The Characters

(Critical Guide to British Fiction)

Although Graves takes unusual liberties with biblical texts, he does not trivialize Jesus, or entirely demythologize his significance. While his birth is explained in more naturalistic terms and his temptation in the desert as ancient ritual with the aged Simon taking the part of the Devil’s advocate, he is still the chosen sacred king, devoted to saving the world from sin and death. Some of his followers undoubtedly thought of this in political, revolutionary terms, casting the Romans as their adversaries, but Jesus is not interested in a secular kingdom.

The novel reveals both the high-minded dedication of Jesus as a man of innate vision trained by the austere Essenes and his essential humanity as a man of sorrows. The large gap in biblical records about his early life, for example, is partially explained as being the result of a psychic blow to his self-image. The elders of the synagogue discovered the discrepancy in time between his birth and Joseph’s paying the bride price. They came to the obvious, logical conclusion that he was illegitimate. Bastards, no matter how precocious in wisdom, were denied access to the inner temple. The introspective, sensitive Jesus does not reveal his predicament to his mother, for fear of hurting her. Much later, Mary explains to him the unusual circumstances of his birth, not realizing that he has needlessly suffered the eclipse of his youthful dreams. This accounts plausibly for his relatively late emergence as a...

(The entire section is 528 words.)

Characters Discussed

(Great Characters in Literature)


Jesus, the “wonder-worker” of Palestine, the circumstances of whose birth, development, ministry, and death are chronicled by the narrator, Agabus. He is the son of Mary, the heiress of Michal (wife of King David), and Antipater, the eldest son of Herod, to whom Mary was married secretly. He is protected by Joseph, a retired timber merchant from Emmaus. Born in Bethlehem, Jesus is taken as an infant to Leontopolis, Egypt, where during his first twelve years he learns carpentry from Joseph and the Hebrew Scriptures from Simon. Later, he marries Mary of Bethany, the sister of Martha and also an heiress of Michal. By refusing to consummate the marriage, Jesus stands for a love untouched by “the act of death.” He preaches in the synagogues and in open places, always conscious of his destiny as priest, Messiah, and future king of Israel. Jesus’ healings, prophetic sayings, and bold challenges to conventional interpretations of the Hebrew Scriptures lead to his condemnation by both religious and political authorities and to his crucifixion as a false king of the Jews.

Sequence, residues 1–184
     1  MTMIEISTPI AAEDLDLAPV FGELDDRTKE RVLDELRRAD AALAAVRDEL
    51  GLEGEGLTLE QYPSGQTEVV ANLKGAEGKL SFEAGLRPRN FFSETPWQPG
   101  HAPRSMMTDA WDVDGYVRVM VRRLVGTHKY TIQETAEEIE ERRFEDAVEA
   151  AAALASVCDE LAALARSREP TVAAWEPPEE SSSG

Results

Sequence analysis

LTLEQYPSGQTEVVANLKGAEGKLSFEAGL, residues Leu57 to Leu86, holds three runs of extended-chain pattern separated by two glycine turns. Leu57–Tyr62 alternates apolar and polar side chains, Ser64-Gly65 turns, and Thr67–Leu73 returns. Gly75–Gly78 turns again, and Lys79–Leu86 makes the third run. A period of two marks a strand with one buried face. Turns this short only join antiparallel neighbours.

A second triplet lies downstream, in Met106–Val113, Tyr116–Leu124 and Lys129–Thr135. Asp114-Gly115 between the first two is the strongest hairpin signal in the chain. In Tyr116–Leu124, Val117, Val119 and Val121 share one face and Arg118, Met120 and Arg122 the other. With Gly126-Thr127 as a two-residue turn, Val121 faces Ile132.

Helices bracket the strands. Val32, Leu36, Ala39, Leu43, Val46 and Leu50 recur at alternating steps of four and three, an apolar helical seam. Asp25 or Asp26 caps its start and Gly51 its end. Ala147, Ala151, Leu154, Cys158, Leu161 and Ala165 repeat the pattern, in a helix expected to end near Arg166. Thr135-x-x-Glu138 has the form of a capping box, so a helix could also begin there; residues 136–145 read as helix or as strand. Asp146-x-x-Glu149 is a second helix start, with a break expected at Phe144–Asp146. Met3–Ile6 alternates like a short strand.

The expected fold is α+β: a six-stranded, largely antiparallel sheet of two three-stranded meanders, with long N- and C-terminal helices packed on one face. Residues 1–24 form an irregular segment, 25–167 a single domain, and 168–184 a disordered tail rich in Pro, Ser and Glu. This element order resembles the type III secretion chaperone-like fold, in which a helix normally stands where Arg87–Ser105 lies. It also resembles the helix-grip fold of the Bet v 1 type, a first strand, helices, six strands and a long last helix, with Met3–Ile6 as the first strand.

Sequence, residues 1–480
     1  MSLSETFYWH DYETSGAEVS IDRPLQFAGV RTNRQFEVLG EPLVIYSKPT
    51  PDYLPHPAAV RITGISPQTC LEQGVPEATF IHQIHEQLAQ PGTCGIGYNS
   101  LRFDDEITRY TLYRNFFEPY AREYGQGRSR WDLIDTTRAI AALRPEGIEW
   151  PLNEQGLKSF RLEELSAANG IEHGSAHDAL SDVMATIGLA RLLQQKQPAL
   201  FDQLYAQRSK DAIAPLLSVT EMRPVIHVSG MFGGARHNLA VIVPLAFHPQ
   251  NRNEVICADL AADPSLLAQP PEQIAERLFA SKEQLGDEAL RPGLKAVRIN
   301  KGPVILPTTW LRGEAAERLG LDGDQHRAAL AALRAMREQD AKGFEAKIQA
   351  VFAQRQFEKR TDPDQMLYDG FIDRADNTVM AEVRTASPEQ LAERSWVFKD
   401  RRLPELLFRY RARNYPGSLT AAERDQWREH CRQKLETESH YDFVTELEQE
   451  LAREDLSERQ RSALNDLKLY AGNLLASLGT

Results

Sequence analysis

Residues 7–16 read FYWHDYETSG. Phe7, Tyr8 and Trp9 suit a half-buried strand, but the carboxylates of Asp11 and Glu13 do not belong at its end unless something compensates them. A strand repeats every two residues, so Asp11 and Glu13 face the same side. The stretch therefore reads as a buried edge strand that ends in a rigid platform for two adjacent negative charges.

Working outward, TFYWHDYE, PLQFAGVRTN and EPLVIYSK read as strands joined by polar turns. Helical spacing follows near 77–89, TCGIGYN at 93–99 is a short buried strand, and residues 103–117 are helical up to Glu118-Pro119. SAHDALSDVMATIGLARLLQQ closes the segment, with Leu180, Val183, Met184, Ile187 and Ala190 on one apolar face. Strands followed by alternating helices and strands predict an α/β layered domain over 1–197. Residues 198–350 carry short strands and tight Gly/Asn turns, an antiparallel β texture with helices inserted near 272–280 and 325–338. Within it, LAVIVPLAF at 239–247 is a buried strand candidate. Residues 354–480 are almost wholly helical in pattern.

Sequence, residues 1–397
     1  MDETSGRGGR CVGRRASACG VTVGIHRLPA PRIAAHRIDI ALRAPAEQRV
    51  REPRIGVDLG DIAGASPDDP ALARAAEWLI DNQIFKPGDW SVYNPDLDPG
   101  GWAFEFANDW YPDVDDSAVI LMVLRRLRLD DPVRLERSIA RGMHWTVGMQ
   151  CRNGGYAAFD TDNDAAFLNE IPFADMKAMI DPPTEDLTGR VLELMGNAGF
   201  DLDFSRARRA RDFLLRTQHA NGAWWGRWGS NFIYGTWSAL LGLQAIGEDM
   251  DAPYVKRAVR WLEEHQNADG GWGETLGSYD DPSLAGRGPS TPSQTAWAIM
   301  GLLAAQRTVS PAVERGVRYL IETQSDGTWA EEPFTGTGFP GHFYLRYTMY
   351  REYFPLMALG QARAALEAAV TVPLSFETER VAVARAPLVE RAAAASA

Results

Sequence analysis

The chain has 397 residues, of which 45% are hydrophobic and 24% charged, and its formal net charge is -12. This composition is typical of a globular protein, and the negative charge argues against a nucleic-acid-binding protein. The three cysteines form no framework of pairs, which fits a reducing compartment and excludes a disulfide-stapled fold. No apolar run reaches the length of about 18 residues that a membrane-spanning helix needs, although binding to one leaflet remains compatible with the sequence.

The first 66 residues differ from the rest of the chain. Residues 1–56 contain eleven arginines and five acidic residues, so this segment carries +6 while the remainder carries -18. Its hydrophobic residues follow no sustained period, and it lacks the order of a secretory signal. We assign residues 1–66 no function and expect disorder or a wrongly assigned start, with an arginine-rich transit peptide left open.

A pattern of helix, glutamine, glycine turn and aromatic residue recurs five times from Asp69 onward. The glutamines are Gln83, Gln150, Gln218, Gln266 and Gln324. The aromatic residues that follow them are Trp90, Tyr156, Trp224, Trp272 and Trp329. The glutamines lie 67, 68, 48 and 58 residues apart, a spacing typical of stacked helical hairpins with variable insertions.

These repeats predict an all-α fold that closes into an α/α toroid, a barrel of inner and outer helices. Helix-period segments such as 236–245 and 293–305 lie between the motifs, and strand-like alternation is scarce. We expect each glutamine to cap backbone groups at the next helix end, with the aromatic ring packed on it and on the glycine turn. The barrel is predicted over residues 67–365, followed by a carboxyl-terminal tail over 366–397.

Mary, or Miriam, a beautiful temple virgin. She is secretly married to Antipater before his death; by him, she bears her only child, Jesus. With the elderly Joseph, who accepts her as his wife, she rears Jesus in Egypt and, later, in Nazareth. Puzzled by the way in which her son is working out his royal destiny, she is present at the Crucifixion and the Resurrection.


Simon, later called Simeon, an Alexandrian Levite Jew, a high priest. He convinces Antipater that his future title as king of Israel would be...

(The entire section is 683 words.)